Counterfeit money in Great Britain

Written on September 1, 2011

Coins and banknotes have been counterfeited or forged for many centuries, probably since money was first used as a medium of exchange. Originally, coins were made of a quantity of metal equivalent in value to the face value of the coin itself. Thus, during the Saxon period in England the penny coin was made from one penny's worth of silver. Naturally some dishonest recipients of coins would shave a small amount of metal from the edge of coins they received, collect these shavings and melt them down to form lumps of metal which they could then sell. This problem was addressed by adding a pattern to the edge of coins, frequently of close vertical lines known as reeding, which clearly showed if part of the coin had been cut away, and thus the coin no longer contained the requisite amount of metal.

During the 18th century English pennies were made from copper. Between 1770 and the end of the 18th century forgers were melting down the real pennies and using the copper to produce multiple light weight fakes. Indeed the problem became so serious that practically no genuine pennies from 1770 to 1775 remained, only counterfeits. In response to the problem a man named Matthew Boulton proposed three suggestions to help combat the fraud:

1) That each minted coin should contain the same amount of metal as its value, eg one penny of copper should be used to produce a penny coin.
2) Minted penny coins should have a raised ‘retaining collar' so as to keep a constant diameter to the coins.
3) That minted pennies should have a broad, raised rim which would preserve the coins from excessive wear in circulation.

In addition to his three proposals to combat fraud, Matthew Boulton also suggested a mechanised, steam-powered coin press be used to manufacture the pennies in a more uniform design and more quickly than the current methods of production.

In 1797 the British government contracted Matthew Boulton's company, the Soho mint, to produce 20 tons of two pence coins and 480 tons of pennies, each penny weighing one ounce avoirdupois and containing one penny worth of copper. These new coins became legal tender on the 26th of July 1797 and quickly became known as cartwheel pennies and two pennies on account of their large and heavy size.

During the late 19th century an unusual situation occurred with the British one pound coin. These coins were made from gold and popularly known as sovereigns. However, by the end of the 19th century the value of the British pound sterling was greater abroad than the value of the gold in a sovereign and counterfeit gold sovereigns, containing the full weight of gold, were made in large quantities, particularly in Italy and Syria. These coins, like most counterfeits, were often poorly made, the relief or design being poorly formed, the edge reeding not matching, date inscriptions of uneven sizes, and frequently the design being dull or not so sharp where the coins have been cast rather than struck on a die. Many of the counterfeit gold sovereigns from the reigns of Queen Victoria and King George V during the late 19th and early 20th centuries carry dates which were never used on genuine coins.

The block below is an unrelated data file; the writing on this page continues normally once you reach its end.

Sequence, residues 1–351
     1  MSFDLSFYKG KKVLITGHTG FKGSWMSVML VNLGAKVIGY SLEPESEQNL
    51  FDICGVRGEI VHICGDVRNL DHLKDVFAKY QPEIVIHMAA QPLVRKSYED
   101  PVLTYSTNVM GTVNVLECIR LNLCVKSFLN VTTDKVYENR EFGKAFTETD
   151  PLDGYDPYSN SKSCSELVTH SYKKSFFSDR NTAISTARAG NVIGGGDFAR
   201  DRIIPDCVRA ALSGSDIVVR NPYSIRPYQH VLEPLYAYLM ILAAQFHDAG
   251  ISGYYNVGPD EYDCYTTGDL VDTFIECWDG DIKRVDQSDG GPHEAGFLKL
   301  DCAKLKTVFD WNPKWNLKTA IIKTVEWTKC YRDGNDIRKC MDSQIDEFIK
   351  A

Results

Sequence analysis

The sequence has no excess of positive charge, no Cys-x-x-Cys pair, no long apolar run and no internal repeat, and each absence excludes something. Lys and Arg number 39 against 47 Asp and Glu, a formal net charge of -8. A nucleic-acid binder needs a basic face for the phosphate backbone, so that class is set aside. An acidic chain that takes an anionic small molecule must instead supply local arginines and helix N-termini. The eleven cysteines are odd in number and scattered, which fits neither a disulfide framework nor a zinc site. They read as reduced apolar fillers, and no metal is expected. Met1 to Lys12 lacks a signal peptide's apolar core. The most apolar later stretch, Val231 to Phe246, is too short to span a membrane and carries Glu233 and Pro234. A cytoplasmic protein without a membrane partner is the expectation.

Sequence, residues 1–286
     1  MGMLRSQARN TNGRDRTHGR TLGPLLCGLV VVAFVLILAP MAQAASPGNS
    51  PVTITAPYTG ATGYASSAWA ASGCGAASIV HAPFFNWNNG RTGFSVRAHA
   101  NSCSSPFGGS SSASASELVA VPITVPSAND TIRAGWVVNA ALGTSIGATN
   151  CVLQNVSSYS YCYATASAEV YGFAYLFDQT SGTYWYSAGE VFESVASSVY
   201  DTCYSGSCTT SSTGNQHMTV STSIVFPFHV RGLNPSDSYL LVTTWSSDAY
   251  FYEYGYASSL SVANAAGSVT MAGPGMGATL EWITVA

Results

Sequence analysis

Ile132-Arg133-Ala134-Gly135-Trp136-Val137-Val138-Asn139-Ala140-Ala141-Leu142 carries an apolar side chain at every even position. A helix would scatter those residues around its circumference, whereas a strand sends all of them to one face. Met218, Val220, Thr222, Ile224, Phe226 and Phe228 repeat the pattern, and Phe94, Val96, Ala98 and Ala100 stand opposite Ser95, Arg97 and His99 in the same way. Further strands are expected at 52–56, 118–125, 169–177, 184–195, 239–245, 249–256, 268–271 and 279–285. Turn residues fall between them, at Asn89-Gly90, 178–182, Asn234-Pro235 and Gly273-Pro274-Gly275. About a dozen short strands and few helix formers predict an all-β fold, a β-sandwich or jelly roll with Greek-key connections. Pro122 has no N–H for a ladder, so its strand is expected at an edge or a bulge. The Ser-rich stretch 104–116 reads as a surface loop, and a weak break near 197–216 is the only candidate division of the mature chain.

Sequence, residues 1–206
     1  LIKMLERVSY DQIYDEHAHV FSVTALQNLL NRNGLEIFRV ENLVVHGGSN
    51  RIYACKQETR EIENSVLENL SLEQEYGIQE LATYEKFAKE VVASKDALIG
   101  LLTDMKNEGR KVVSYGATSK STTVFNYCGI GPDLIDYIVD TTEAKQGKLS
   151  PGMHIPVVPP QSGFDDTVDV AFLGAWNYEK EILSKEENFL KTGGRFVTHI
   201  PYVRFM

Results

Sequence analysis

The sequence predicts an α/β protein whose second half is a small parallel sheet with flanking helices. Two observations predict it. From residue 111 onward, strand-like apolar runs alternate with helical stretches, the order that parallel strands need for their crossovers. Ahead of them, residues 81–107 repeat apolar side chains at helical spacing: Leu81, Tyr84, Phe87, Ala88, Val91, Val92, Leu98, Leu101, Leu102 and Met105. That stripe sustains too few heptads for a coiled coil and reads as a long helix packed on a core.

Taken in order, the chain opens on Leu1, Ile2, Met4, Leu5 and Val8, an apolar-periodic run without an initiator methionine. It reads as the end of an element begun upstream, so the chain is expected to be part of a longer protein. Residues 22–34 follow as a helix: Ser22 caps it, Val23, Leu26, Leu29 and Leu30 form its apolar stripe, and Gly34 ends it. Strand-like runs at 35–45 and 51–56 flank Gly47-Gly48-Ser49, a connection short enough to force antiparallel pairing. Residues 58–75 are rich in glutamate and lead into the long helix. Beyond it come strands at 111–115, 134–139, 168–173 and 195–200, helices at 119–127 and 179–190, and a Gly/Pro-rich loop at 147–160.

During the middle of the 20th century a famous plot was uncovered in which Nazi Germany allegedly intended to undermine the British economy by flooding the market with counterfeit five pound notes. The Bank of England responded to the threat by withdrawing the existing white five pound notes and replacing them with a new, more difficult to reproduce design.

During the later part of the 20th century counterfeit British fifty pence coins, and later one pound were produced from lead. These are quite easily spotted by the softness of the metal. As time progressed more sophisticated counterfeiting of British pound coins evolved. To combat the problem the Royal Mint produced different designs of pound coin each year, but none the less the number of counterfeit one pound coins in circulation remained very high. Originally these counterfeit pound coins were designed for fooling vending machines. They were frequently blank metal discs of simply the correct size and weight. Later, as detection technology improved so also did the counterfeiting with designs engraved on coins. These sophisticated counterfeits can sometimes be detected by a misalignment between the designs on each side of the coin, or by poor quality or indistinct edge engraving. Some fakes have been cast, and these reveal a blurred design when compared with a genuine, die struck example.

Matt Probert
The Probert Encyclopaedia